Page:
Infarm builds and distributes efficient vertical farms throughout cities. One significant barrier to making real food more accessible is the geographic distance between where we produce the food and where we eat it. It usually leads to the necessity to add additives to make the food last longer, which increases the cost for the consumer. Infarm is shifting this model on its head by growing the food directly where they sell it, making it both higher quality and less expensive than the other alternatives.
I remember the first time I saw one of their farms in a grocery store. The reasoning behind it made so much sense straight away. I also love their futuristic look.
Cowboy — Belgium
Cowboy is a designer and manufacturer of electric bikes for urban riders.
Almost every major city in the world has surrendered an enormous part of its surface to cars creating traffic, pollution and accidents. It is already changing, and the most prominent European cities are reducing car accessibility to promote public transport and bike lanes. Cowboy is creating the bike for this new kind of city. It's stylish, powerful, and convenient.
I love that they are following the Tesla playbook. Start with a premium product and use it to finance gradually more affordable versions.
Mariya Grinina, CEO and cofounder at iDAL
iDAL is a London-based digital-powered agency for creative talent globally.
Big Atom — UK
As with most Gen Z representatives, environmental issues are among my top concerns. That’s why I think Big Atom, a recycling company focusing on ending plastic and rubber waste, is one to watch. It was founded by someone who I am proud to have as my mentor — Alexander Guslisty, a serial entrepreneur, investor and chemical engineer. Launched three years ago, Big Atom is initially focused on reverse-manufacturing tyre rubber into recycled crude. It is already among the top five tyre recycling companies in the UK, having recycled a million tyres to date.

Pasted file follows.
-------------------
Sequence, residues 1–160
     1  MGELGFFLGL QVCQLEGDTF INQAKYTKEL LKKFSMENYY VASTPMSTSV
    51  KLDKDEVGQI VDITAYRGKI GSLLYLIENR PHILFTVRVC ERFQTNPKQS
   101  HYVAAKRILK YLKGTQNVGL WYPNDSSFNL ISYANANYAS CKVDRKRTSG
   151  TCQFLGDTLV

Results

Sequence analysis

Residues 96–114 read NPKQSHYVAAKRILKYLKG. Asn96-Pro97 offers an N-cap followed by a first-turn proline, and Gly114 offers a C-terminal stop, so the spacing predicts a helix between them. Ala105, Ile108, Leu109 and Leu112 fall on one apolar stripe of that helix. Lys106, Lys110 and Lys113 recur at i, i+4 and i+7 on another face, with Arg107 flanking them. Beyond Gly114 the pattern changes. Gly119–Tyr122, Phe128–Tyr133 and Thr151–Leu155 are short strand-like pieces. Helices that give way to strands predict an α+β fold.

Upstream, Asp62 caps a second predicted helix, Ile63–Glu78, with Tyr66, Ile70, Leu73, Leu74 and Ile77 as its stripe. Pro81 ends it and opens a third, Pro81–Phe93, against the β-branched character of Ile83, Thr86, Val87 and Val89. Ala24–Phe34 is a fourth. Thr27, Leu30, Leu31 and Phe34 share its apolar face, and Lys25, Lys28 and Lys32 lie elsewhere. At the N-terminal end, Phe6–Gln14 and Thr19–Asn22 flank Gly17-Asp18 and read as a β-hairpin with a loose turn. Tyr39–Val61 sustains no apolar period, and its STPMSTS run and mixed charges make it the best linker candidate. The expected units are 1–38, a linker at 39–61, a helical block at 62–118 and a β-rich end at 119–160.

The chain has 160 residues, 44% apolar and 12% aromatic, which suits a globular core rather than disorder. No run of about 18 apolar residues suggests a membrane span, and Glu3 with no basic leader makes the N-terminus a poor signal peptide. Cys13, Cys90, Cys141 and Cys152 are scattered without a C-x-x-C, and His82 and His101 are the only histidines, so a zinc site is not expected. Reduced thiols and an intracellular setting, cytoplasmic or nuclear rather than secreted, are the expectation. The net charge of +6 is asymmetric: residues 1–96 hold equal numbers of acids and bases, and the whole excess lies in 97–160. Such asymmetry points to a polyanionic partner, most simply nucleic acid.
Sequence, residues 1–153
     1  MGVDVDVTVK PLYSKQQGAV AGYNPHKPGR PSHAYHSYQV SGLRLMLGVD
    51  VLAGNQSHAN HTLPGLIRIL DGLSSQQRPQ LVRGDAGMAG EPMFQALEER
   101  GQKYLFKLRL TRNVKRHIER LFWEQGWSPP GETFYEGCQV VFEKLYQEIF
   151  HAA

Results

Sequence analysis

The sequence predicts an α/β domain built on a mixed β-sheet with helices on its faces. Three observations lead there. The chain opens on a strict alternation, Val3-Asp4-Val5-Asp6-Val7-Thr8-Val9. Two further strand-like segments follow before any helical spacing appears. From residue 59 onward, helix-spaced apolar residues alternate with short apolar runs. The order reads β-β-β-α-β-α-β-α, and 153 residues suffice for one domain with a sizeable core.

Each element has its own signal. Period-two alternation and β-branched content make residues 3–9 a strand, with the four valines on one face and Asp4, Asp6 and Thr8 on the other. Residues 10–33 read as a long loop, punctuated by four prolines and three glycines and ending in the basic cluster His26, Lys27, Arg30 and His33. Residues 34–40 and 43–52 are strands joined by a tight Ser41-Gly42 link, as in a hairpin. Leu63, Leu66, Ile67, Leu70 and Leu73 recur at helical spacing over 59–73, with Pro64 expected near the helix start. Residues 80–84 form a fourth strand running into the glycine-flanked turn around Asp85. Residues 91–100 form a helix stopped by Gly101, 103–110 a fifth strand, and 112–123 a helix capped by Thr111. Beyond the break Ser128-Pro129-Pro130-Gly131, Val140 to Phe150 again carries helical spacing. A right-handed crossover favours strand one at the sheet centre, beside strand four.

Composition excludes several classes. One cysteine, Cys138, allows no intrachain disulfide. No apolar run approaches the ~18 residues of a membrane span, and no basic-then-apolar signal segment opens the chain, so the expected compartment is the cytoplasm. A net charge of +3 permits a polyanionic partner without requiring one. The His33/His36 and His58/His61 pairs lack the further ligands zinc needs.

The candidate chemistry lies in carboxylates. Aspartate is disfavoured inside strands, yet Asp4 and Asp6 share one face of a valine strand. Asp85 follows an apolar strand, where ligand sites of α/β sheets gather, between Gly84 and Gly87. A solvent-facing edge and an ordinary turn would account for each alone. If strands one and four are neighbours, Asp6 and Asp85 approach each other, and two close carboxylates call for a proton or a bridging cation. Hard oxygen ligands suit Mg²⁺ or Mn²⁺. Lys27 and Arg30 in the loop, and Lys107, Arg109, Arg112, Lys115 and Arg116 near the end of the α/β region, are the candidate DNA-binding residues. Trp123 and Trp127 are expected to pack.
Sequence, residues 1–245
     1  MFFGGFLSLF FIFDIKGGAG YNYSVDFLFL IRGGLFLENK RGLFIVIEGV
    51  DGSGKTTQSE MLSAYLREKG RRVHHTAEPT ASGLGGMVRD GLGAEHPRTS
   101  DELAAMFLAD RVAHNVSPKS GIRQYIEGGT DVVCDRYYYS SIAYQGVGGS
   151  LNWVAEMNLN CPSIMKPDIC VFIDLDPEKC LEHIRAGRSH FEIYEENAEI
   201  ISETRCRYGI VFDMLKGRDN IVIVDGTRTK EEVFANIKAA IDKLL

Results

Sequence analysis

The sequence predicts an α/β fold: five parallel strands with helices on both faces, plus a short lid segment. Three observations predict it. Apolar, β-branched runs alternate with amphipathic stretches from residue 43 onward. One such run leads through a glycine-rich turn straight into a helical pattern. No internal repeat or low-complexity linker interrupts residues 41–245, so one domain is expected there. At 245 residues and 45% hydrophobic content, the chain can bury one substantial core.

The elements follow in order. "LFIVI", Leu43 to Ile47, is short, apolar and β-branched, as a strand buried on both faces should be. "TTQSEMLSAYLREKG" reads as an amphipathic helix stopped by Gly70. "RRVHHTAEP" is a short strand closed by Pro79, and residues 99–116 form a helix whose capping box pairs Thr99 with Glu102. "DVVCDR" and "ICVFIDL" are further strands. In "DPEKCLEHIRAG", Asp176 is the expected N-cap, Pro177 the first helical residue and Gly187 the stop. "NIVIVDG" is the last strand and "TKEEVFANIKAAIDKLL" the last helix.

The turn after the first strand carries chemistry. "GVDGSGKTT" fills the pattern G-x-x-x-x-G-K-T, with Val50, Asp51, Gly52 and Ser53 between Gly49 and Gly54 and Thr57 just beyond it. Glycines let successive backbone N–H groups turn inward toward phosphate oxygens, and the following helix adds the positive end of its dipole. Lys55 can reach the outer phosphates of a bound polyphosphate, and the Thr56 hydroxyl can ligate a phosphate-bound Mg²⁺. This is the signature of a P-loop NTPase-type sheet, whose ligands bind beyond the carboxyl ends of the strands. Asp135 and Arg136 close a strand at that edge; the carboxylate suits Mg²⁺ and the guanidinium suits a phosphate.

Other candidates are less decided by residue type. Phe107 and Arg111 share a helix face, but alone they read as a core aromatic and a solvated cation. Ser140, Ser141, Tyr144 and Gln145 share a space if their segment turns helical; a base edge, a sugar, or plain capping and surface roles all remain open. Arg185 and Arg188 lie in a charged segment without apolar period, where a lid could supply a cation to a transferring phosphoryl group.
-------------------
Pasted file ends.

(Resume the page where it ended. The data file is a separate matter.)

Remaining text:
Its technology is paving the way to process mixed plastics without the need for plastic segregating, decontaminating, delabeling and so on which means it’s a true contribution to solving the global recycling problem.
Alike — UK
Not all inspiring startups are about huge valuations and reputable VCs backing them. Not-for-profit tech startup Alike is definitely a charity project worth watching. Brad Gruger, a young NHS clinical entrepreneur, launched the Alike app on World Cancer Day in 2021, supported by Queen’s Commonwealth Trust and numerous team members and patrons donating their skills, money and time.
Going through cancer treatment at a very young age, Brad has experienced how isolating it can be. Studies suggest that activities with other cancer patients are lifesaving. With the app he hopes to harness digital potential to combat loneliness and isolation caused by cancer. It currently connects 1,800 cancer patients in the UK and allows them to socialise, support each other and go through their difficulties together, 24/7.
Unibuddy — UK
How to make that very important choice — where to go to study? All those university websites lure new students with their exciting marketing information, but this makes it even harder to understand where you will truly fit in. Unibuddy, founded by Diego Fanara and Kimeshan Naidoo in 2017 in London, helps universities attract, engage and convert prospects through peer interactions.